Don’t succumb to evil, folks. You’ll get wrinkles. Verily, virtue is karma’s botox.
At the Dairi Burger that evening, laughter and apologies abound. Lila Surname holds court with grace and élan, and even Bruce Patman is full of joy. Nora is invited to Lila’s upcoming Halloween Bash, after school the following day. She politely accepts.
Then, slipped silently between the ribs like a honed stiletto dagger, Lila Surname’s ruse insinuates itself into the narrative:
“Why don’t you come as a witch? That would show everybody you didn’t take all the teasing seriously.”
To her credit, Nora isn’t totally convinced, but she indicates acquiescence before visiting the bathroom. True to form, the Unigibbons start flinging faeces before the last note of Nora’s courtesy flush.
Lila’s invite is designed to accomplish two things:
- To lure Nora away from the Mercandy Mansion, and
- To make a fool of her for dressing as her true witchy self.
Frankly, that seems a little tame, unless the Unigibbons plan to torch the Mansion with the Elder Mercandys inside. And if that’s the plan, I know of a ballet school that requires some attention.
Next morning, Jessibeth don their respective costumes for the day’s festivities. The Elder Wakefields offer their fatuous praise, following which there’s a period of breathless hilarity regarding a non-adhesive false eyelash. Seriously, I laughed for about a week. My sides still hurt. Eyelash in the jelly, people! Eyelash. In. The. Jelly.
Jessica meets up with Lila Surname and Ellen Surname, forming an Unholy Trinity of Hula Unigibbons. Meanwhile, Elizabeth collects Amy Surname and discovers her friend has fashioned an almost identical clown costume to her own! How very Single White Female. Deluded Amy wants to be a Wakefield Triplet.
Predictably, Nora does take Lila Surname’s costume advice, and her witchification is comprehensive. Pointy hat, buckled shoes, grey hair, long black dress…
It was the makeup that made her truly grotesque. Her face was pure white with black paint around her eyes.
So… Goth Panda.
Other costumes of note include King Kong, a Tramp, and Charlie Surname dressed as a pirate. And if Bruce Patman isn’t prowling the school halls in a cape and cowl, growling “I’m Patman” at everyone he sees, then he’s doing Halloween wrong. He’s the Unigibbon that Sweet Valley deserves.
At her Halloween party that evening, Lila Surname is the perfect hostess. Everyone who is anyone is in attendance, including Male Tennisbot 1.0 Rick Hunter. Lila Surname flirts up a storm, but Rick is impenetrable. He only has thoughts for Nora and her backhand stroke, which annoys HulaLila no end.
Talk amongst the Unigibbons turns to their now-approved Booster Club (the topic of Book Four, which promises to be a nepotistic catastrophe), before they turn their scorn to Ken Matthews, one of their schoolmates who is cute but small. For no reason I can fathom, he’s branded a loser and a midget by Jessica before the entire exchange is discarded. Literally no clue what that served, to be honest. [Dove: You know how in the last two books you thought the foreshadowing was charming? I guess you’re over that now?] [Raven: Having started Book Four, I concede that this was for foreshadowing purposes, and it gets a posthumous pass.]
Finally, talk progresses to the meat of the evening’s entertainment: the trashing of Mercandy Mansion, and the humiliation of Nora the Hexplorer! Lila and the Unigibbons are to keep Nora busy for thirty minutes, while The Dark Bruce and Captain Charlie Sparrow (a.k.a. Patman and Robbin’) work their Prank Magic.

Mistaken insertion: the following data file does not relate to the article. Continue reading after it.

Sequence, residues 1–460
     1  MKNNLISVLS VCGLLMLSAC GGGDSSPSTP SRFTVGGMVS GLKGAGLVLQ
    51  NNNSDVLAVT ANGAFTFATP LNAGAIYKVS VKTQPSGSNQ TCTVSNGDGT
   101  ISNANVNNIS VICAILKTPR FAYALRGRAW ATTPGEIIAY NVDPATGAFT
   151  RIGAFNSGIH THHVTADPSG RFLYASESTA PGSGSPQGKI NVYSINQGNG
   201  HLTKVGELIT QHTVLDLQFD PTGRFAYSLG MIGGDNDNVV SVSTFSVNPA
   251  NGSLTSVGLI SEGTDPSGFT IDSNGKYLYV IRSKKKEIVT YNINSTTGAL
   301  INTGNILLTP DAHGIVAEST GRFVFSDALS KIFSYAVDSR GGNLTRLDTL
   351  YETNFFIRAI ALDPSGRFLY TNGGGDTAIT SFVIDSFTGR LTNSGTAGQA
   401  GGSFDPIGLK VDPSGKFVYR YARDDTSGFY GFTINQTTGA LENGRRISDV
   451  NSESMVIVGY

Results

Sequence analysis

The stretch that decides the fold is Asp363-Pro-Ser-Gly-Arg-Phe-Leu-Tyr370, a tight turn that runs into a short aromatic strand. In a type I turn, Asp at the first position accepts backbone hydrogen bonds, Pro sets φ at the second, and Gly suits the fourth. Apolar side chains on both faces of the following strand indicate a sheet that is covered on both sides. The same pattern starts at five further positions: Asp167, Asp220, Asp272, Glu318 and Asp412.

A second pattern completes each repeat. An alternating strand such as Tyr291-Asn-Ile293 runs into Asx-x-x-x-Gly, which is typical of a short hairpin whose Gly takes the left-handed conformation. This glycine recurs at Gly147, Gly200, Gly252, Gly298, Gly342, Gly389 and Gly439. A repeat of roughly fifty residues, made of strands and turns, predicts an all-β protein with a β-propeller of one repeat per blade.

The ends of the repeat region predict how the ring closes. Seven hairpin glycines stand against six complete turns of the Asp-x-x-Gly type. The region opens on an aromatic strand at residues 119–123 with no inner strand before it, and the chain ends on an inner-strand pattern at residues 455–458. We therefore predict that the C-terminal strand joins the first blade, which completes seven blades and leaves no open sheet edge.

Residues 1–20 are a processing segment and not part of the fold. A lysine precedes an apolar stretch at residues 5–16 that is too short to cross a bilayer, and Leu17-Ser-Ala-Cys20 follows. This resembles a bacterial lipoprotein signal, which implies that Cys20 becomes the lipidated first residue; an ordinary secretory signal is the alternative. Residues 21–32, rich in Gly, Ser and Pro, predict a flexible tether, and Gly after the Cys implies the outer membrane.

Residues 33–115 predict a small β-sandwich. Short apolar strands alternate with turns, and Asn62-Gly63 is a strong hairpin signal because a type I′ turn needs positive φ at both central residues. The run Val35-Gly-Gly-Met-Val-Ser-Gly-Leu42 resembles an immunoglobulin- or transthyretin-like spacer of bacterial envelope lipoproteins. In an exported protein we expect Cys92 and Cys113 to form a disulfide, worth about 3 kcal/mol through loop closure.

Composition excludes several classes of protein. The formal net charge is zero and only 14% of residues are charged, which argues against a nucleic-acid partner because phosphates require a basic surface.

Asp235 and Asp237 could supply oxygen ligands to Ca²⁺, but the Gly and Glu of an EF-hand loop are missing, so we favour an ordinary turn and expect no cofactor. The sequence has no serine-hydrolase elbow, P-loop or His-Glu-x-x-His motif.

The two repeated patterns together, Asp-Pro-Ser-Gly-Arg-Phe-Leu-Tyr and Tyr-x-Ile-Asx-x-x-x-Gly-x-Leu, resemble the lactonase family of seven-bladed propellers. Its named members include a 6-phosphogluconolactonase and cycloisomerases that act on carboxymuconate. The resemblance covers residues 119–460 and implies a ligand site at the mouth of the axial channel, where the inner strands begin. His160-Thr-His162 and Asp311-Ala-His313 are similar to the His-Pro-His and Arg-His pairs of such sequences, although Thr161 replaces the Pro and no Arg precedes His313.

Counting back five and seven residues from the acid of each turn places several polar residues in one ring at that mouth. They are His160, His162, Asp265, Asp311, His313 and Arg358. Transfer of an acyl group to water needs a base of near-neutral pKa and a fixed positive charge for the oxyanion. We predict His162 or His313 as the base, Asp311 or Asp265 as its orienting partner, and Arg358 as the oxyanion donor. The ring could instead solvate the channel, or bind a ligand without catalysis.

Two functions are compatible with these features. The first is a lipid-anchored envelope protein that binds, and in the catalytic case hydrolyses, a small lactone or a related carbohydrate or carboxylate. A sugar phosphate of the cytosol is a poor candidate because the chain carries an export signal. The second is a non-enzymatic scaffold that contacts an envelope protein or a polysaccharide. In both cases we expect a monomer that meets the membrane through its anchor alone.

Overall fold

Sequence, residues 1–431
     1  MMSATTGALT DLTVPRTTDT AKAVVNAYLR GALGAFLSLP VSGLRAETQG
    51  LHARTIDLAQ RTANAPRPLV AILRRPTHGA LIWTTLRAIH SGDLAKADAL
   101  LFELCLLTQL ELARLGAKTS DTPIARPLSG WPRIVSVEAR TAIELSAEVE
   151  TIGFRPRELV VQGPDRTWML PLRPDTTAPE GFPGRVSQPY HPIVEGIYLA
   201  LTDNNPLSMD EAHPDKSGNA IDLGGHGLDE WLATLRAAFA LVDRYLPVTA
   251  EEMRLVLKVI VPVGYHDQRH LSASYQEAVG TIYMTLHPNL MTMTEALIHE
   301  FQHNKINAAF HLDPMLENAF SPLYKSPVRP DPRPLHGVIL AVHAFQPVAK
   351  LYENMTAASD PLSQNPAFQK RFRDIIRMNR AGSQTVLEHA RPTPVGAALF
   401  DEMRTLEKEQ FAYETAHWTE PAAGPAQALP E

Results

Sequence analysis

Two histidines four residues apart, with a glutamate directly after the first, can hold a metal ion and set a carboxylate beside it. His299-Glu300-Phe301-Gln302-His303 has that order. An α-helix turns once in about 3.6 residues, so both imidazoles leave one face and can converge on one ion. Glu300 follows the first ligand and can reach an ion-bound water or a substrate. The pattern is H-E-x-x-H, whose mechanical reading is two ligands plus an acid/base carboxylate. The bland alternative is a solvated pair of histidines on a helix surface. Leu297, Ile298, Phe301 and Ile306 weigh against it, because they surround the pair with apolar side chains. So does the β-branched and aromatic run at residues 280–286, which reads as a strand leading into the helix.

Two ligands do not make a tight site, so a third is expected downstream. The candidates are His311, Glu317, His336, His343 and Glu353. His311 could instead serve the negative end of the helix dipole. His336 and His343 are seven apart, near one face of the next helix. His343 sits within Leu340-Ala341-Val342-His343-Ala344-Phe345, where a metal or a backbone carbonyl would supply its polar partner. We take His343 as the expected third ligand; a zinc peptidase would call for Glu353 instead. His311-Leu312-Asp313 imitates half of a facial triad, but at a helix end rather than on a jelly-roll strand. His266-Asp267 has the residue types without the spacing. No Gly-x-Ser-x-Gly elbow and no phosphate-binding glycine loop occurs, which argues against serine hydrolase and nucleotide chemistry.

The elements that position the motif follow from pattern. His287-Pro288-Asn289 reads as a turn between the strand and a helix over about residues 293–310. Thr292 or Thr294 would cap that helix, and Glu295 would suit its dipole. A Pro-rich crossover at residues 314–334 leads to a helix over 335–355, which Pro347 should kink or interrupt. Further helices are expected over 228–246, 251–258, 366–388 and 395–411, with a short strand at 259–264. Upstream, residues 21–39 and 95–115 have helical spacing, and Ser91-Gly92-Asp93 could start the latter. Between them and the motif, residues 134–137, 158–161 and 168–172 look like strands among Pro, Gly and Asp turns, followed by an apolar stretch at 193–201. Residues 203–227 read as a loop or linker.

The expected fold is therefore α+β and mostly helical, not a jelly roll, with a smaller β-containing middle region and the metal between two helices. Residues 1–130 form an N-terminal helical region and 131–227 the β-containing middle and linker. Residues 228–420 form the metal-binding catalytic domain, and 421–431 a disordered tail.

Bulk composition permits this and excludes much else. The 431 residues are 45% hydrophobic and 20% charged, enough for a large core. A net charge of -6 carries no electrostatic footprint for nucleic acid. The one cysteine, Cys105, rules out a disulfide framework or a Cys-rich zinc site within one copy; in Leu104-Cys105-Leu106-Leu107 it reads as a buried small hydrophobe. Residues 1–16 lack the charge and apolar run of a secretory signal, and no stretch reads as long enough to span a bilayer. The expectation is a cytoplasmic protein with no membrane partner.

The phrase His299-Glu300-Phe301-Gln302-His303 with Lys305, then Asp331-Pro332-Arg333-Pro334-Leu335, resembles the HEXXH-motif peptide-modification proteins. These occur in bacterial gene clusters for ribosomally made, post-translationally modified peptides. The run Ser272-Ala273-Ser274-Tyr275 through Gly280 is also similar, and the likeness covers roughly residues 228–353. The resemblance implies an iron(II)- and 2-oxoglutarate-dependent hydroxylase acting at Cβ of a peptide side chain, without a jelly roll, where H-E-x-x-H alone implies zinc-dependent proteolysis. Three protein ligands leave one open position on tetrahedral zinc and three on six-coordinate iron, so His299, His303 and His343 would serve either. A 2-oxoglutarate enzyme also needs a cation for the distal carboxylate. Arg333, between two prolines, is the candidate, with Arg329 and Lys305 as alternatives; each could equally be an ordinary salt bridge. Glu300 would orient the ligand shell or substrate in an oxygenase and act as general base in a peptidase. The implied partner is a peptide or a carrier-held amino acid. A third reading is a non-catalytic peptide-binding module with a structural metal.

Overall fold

As if by magic, Nora appears.
After a depressing amount of sweet small talk, the boys leave to commence the Mercandy Mansion Mayhem. Their departure ushers in Phase Two of Operation Shitgibbon: Humiliating The Witch. Pretences are dropped at an alarming speed, and Lila’s crew round on their prey with a barrage of withering sarcasm.
Nora, tears welling, now understand the reason for her invite. She looks for a friendly face, but finds none. In her search for a smile, she overhears a Quadrigibbon (four Unigibbons) discussing that evening’s prank agenda at Nora’s abode. Toilet paper, spray paint, rotten eggs and more.
Nora wasn’t the target. It was the Elder Mercandys!
Suddenly Nora could stand no more. She marched into the dining room. Trembling with rage, her cries could be heard throughout the Fowler house.
“I hate you, Lila! I hate all of you!
She whirled around and dashed out the front door.
As far as explosions go, this was more damp squib than dynamite. I mean, I’m not expecting Carrie, but I was underwhelmed.
Note: It’s such a shame that Nora isn’t actually a witch. If the book had built to this point, and Nora had actually been a fucking witch, raining carnage on Sweet Valley by killing everyone who wronged her before turning the wand on herself, I’d mark out SO hard and dish out high fives for days. [Dove: Hands up who wants to see Raven write his version of this book?]
[Wing: ME ME ME ME ME]
[Raven: Another side project!]
Elizabeth watches as Nora storms off. She confronts Jessica, who to her is little more than Unigibbon Ambassador at this point. Jessica toes the party line and hits Nora’s reputation with the Witch Stick once more. Elizabeth reaches deep into her purse, and finally, finally, pulls out a spine. She runs after her departing friend.
Then, in a move I did not expect, Jessica flies in the face of Lila Surname and follows her sister with a snarl. She is legit concerned for the safety of her “best friend”, a noble sentiment despite it springing from a place of ignorance and intolerance, thus proving you can be an Angel and an Asshat in one Aryan package. Go Jessica!
The party decides that, on reflection, it’s much more thrilling to chase after a visibly distressed would-be witch disguised as an emo zoo exhibit than it is to drink warm soft drinks and dance to boybands in a spoilt little rich girl’s powderpuff palace bedroom. They troop after the action en masse.